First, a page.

How Food Labels Affect the Purchasing Decision of Consumers

The Domino Effect: Food Labels and Consumer Purchasing

As Americans become more conscious of the food they put on the table, food labels have played an increasingly large role in how we evaluate our options. We’re looking more and more for the boxes that advertise cage-free, non-GMO and low-calorie products, but at the end of the day, what do those labels really amount to in terms of purchases and sales?

Trust Me, I’m Totally Good for You

It’s almost as if food is the awful ex of the American consumer. We used to love it, falling for it more every day, until we started to see the red flags—maybe the fast food corporations we’d come to adore don’t want the best for us. Maybe our go-to grocery items were hiding a lot more than we thought they could. Maybe our friends were right—these options weren’t any good for us after all. Could it be that our food was truly as deceptive and harmful as the last decade’s onslaught of exposé food documentaries and vocal consumer advocates were telling us? Yes, and we were totally blindsided.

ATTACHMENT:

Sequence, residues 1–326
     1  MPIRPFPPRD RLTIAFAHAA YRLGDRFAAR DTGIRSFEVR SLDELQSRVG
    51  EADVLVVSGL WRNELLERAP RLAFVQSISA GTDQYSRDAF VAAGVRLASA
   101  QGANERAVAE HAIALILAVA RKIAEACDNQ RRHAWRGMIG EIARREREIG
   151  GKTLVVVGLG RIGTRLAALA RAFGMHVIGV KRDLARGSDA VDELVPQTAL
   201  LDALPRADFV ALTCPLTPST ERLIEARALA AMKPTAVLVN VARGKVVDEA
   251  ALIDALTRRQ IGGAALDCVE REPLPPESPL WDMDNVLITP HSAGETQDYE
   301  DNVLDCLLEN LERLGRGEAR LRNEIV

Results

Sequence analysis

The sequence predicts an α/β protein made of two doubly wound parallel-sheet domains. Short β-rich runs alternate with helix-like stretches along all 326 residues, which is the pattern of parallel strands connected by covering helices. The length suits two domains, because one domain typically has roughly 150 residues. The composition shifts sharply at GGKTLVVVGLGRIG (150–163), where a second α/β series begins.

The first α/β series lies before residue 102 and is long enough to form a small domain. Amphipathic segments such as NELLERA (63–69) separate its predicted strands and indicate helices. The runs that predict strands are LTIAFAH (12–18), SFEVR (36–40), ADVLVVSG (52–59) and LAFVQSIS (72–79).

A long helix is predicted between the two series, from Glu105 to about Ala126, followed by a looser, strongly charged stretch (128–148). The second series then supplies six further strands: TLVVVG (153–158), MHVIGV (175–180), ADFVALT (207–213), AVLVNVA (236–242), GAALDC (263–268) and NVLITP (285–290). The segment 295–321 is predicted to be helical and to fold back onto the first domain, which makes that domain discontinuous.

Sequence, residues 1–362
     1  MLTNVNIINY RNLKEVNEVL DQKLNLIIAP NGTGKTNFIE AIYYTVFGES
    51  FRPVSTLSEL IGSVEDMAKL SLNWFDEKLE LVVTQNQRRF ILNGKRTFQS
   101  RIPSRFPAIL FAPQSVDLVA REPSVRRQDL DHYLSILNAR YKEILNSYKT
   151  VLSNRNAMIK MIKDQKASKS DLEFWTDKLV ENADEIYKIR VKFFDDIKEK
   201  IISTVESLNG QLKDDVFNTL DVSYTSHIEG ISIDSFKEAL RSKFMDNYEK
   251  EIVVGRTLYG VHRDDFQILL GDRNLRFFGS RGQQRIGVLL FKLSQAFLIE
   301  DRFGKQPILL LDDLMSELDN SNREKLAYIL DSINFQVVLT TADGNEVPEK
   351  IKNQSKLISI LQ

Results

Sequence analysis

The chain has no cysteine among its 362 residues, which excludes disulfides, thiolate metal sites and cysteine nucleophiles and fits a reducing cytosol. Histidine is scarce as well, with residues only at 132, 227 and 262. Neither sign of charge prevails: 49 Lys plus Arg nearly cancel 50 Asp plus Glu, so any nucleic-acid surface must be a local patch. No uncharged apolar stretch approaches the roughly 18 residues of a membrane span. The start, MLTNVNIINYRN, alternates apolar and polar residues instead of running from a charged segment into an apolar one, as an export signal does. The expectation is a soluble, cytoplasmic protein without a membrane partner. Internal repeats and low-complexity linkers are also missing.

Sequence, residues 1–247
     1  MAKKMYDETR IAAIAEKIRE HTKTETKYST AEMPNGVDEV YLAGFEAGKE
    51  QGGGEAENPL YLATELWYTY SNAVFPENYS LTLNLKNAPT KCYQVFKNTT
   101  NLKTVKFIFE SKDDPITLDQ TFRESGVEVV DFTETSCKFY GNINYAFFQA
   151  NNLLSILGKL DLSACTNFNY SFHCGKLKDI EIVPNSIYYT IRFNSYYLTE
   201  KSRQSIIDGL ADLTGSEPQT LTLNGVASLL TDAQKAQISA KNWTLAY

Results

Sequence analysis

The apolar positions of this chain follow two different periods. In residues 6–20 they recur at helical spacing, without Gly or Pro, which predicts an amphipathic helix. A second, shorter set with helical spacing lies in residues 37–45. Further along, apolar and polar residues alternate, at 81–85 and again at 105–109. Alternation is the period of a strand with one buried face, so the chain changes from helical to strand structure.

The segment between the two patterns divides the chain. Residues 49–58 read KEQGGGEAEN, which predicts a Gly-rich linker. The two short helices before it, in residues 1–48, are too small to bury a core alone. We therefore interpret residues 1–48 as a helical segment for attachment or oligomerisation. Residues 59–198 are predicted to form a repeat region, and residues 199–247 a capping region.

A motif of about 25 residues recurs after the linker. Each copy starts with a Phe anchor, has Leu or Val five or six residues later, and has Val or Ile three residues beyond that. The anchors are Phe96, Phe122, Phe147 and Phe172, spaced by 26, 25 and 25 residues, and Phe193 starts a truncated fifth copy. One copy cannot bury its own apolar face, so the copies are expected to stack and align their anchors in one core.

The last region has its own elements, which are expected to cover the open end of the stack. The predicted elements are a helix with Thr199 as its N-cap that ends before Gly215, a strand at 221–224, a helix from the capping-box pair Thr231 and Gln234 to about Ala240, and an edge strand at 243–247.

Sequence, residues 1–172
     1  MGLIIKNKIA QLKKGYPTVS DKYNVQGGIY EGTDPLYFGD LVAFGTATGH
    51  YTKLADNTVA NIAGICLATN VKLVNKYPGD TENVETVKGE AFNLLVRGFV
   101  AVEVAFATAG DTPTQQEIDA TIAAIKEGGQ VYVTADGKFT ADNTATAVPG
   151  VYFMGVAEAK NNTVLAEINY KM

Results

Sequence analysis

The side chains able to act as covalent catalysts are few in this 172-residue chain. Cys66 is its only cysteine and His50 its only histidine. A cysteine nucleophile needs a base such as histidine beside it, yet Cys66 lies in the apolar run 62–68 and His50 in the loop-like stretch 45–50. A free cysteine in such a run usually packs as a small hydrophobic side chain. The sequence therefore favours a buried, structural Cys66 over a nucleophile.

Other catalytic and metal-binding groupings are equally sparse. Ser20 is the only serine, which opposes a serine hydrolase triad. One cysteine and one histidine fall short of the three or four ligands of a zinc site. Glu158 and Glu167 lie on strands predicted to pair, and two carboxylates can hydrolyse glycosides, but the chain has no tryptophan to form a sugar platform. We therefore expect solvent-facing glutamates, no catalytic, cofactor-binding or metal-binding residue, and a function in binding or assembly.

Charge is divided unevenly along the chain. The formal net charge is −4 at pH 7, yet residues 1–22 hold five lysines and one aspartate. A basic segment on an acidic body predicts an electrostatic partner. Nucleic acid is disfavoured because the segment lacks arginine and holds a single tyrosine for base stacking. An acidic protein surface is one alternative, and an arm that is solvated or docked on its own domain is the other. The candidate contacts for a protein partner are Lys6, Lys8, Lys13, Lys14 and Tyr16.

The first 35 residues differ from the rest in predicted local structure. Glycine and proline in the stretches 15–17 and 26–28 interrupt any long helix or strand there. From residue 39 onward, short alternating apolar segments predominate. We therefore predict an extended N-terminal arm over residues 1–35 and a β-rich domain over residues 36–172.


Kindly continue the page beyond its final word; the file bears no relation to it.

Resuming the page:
Americans no longer blindly trust food providers to give them healthy, safe and natural products. Transparent nutrition facts labels and eye-catching food quality promises give consumers a greater sense of trust in what they’re buying. If you’re looking for grass-fed beef burgers, a box that says so loudly and proudly is going to make it easier to identify that this is the product to buy. It also quickly forms a mental connection between that brand and animal-friendly beef raising practices.

Everything Is Not as It Seems

Imagine this familiar scenario: you’ve got an hour between picking up the kids after work and when they’ll start asking what’s for dinner. You run by the grocery store, stressed from a day at the office with little ones in tow, trying to navigate crowded aisles and keep your last ounce of patience. You’ve been there, and you know that on days like this, you’re not really thinking about much more than getting in and out of there as quickly as possible.

Imagine you come across the wall of children’s cereals. You see one that prominently says natural and you grab it without thinking. You applaud yourself for getting the kids healthy, organic, hormone-free breakfast food, but natural doesn’t mean any of that. It doesn’t necessarily mean anything.

Just as labels can create a positive trust between producer and consumer, it can also create a misplaced trust in a product, causing consumers to purchase foods that aren’t any better for them than their non-natural counterparts. Really investigate what your foods are claiming to be and what your brand deems to be natural. Food labels can give consumers a wealth of great information but also buyer’s remorse if mislabeled—they have a bigger impact on consumer’s purchasing decision than you may know.